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Male dolphins ‘use social play to hone mating skills years before they mature’

Male bottlenose dolphins are known to form lifelong bonds that help them find mates.

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Two bottlenose dolphins swimming together in Shark Bay, Western Australia

Dolphins who spend more time playing with each other as youngsters will go on to father more offspring later in life compared to those who do not, a study suggests.

Male bottlenose dolphins are known to form lifelong bonds that help them find mates.

But scientists have now found that their training begins as juveniles – which involves role-playing and practicing adult-like mating behaviour.

Researchers from the University of Bristol found young dolphins spent “significant” amounts of time taking turns in pretending to be adult males and females.

When playing with female dolphins, young males also produced clicking noises called “pops” – which is what adults use to attract mates.

The researchers said their findings, published in the journal PNAS (Proceedings of the National Academy of Sciences), is helping shed light why animals engage in social play – something which has puzzled scientists for more than a century.

Dr Stephanie King, associate professor from University of Bristol’s School of Biological Sciences, said: “Play behaviour is widespread in humans and other animals, but the reasons that animals play together have long remained a mystery.

“This study provides compelling support for the idea that animals in the wild play together to practice behaviours that will be important for them as adults, and that if they practice enough, they will be more successful as adults.”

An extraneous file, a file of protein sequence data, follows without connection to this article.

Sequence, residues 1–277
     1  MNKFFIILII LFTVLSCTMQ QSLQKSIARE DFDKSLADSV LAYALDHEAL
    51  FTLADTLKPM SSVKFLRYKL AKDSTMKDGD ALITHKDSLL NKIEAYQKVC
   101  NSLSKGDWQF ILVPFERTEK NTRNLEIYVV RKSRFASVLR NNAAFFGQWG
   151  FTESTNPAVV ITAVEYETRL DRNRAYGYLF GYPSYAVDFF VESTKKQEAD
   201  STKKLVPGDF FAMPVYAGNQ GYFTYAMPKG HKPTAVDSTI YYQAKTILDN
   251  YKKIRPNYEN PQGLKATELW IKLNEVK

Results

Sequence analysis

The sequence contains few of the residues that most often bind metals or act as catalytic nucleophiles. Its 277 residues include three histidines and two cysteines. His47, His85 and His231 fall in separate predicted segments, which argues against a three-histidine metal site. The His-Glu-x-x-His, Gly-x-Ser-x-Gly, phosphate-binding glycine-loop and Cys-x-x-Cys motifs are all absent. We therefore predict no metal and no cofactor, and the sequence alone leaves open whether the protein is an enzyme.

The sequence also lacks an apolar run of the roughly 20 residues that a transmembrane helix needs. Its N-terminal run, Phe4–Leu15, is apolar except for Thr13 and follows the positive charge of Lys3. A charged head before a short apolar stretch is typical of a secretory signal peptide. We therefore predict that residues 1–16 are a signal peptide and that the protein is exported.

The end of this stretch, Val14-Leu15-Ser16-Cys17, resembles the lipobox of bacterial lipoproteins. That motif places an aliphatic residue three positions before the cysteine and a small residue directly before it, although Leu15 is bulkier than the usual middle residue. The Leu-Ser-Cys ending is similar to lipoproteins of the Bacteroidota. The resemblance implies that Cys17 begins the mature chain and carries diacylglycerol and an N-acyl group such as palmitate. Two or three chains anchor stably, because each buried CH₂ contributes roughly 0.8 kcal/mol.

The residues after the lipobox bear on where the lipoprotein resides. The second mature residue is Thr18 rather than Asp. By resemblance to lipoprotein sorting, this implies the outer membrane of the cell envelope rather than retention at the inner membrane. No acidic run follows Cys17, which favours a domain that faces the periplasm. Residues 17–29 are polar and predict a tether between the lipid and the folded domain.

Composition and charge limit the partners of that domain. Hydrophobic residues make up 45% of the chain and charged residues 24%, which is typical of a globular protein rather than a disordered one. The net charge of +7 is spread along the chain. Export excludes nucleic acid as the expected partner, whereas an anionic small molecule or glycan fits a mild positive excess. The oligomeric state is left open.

Juvenile male dolphin in Shark Bay, Western Australia
Juvenile male dolphin in Shark Bay, Western Australia (Shark Bay Dolphin Research)

For the study, the researchers analysed 30 years of data, tracking the behaviour of young males – aged between four and 14 years – in Australia’s Shark Bay.

Genetic paternity tests were used to find out how many offspring each dolphin had fathered.

Male dolphins have a complex social network, usually made up of large, stable alliances as well as smaller, less stable groups of two to three within that network.

Smaller groups team up to mate, which often involves stealing female dolphins from other alliances, or defending against attacks from outsiders.

The researchers said their work shows young males practice these skills with their likely future allies, years before they become sexually mature.

Dr Katy Holmes, who completed this work as part of her doctoral research at the University of Western Australia, said: “We found that juvenile play involves immature versions of adult reproductive behaviours that are crucial for males to access and mate with estrous (sexual receptive) females, and the time spent doing these play behaviours predicts how many offspring males eventually sire as adults.

“Our work is exciting because historically it has been notoriously difficult to link play behaviour to reproductive success, in this case the number of sired offspring, in wild animals.”

The team said further work is needed to assess whether other factors body size and dominance may have played a role in the mating success of some of the dolphins.

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